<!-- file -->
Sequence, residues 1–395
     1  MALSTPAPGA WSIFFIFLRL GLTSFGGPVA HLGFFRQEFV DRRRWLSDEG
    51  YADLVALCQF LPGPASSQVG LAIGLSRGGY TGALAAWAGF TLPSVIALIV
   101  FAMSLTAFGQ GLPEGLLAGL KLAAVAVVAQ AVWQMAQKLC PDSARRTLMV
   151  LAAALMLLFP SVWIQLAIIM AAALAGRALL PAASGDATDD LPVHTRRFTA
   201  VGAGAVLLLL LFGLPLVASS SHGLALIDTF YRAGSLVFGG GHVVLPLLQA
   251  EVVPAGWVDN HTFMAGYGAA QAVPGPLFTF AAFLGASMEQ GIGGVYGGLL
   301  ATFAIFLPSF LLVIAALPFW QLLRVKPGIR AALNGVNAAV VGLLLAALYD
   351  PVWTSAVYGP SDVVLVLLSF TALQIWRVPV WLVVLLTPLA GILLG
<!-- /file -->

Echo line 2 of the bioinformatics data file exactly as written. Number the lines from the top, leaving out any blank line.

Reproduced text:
     1  MALSTPAPGA WSIFFIFLRL GLTSFGGPVA HLGFFRQEFV DRRRWLSDEG